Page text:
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Back Pain Center

What Causes Back Pain Before a Period?

author image April Khan
April Khan is a medical journalist who began writing in 2005. She has contributed to publications such as "BBC Focus." In 2012, Khan received her Doctor of Public Health from the University of Medicine and Dentistry of New Jersey. She also holds an Associate of Arts from the Art Institute of Dallas and a Master of Science in international health from University College London.
What Causes Back Pain Before a Period?
Back pain before menstruation may be part of PMS. Photo Credit Tom Le Goff/Photodisc/Getty Images

To some degree most women will experience back pain on or around the time of the menstrual cycle. This pain can be related to several factors such as stress, pregnancy, miscarriage or even many hormone disorders. However, there are other explanations for back pain that is experienced before a period.

Premenstrual Syndrome

Premenstrual syndrome---PMS--- is a set of symptoms that occur before a woman's menstrual cycle begins. This set of symptoms is experience by at least 75 percent of women according to MayoClinic.com. Although the level and severity of the symptoms differ per woman, they usually peak around her 30s.

Symptoms of PMS are tension or anxiety, depression, crying spells, mood swings, insomnia, poor concentration, headache, fatigue, weight gain, abdominal bloating, breast tenderness and cramping in the abdomen or lower back. The causes of PMS are unknown, however depression, stress, poor eating habits and chemical changes in the brain may all play a part in the condition.

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Painful Period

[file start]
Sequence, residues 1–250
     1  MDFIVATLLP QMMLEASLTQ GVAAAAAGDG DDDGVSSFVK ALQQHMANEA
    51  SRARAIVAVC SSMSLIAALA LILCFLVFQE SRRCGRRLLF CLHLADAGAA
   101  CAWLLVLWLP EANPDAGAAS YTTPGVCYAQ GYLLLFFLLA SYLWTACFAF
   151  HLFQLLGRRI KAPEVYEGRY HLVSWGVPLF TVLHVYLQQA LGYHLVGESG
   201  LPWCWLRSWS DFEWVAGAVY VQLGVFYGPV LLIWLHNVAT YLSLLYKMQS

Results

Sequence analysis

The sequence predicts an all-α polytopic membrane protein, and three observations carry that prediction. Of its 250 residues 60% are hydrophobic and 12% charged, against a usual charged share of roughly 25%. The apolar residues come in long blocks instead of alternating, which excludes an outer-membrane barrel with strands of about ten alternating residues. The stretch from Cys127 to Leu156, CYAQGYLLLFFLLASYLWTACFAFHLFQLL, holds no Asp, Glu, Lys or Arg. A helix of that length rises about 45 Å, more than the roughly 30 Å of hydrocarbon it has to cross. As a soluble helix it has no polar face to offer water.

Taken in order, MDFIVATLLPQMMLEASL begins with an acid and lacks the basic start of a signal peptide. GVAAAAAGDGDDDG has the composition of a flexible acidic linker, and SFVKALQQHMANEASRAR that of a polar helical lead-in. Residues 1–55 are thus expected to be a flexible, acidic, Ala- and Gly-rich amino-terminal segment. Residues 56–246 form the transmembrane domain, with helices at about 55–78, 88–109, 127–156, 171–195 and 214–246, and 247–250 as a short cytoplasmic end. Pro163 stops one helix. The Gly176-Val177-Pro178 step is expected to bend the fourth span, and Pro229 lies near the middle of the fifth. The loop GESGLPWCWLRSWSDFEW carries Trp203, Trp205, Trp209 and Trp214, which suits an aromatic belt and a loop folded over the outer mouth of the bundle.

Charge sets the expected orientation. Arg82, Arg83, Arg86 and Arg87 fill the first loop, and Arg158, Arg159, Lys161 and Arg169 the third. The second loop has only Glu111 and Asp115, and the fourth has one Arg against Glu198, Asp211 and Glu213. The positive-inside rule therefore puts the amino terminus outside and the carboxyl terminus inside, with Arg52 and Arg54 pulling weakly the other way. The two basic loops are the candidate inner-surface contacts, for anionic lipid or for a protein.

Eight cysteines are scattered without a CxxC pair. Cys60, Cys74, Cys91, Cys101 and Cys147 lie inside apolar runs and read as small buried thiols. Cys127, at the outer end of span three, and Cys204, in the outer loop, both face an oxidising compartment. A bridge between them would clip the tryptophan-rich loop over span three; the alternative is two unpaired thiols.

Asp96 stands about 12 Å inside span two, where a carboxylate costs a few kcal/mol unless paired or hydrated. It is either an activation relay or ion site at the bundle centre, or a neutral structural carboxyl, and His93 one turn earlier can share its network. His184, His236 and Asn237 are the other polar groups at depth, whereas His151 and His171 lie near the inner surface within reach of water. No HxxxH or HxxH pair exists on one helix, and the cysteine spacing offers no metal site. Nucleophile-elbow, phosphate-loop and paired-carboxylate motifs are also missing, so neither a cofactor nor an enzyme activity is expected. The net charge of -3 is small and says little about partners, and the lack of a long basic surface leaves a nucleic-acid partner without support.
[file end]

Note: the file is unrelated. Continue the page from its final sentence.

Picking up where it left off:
Some women experience painful periods without cause and is just a part of their monthly cycle. This type of pain affects many women and is the leading cause of women taking time off work or girls staying home from school in their teens and early to late 20s. It is normal for this pain to be experienced mildly; however, severe or persistent pain is abnormal.

Excessive or persistently painful periods are called dysmenorrhea, of which there are two types: primary dysmenorrhea and secondary dysmenorrhea. Primary dysmenorrhea occurs when the period first begins and secondary dysmenorrhea occurs after the period has been normal. Secondary dysmenorrhea is often linked to fibroids, endometriosis, PMS, STDs or stress and anxiety.


Endometriosis is a reproductive disease that causes endometrial tissue to grow outside of the uterus. This occurs when endometrial cells make their way into the body and attach to other areas, such as the bladder, uterus, ovaries, bowels or abdomen, and form tissue there. Researchers aren't sure exactly why this happens, but they speculate that during the menstrual cycle, blood containing endometrial cells may back up into the fallopian tubes, which then spills into the body.

During a woman's menstrual cycle, this tissue swells and bleeds as it does within the uterus. The bleeding of the endometrial tissue outside of the uterus may cause the tissue around it to get irritated, which causes inflammation and pain. Symptoms of endometriosis are painful periods, pelvic or lower back pain, pain during or following sexual intercourse, pain in the lower abdomen and pelvic cramping.

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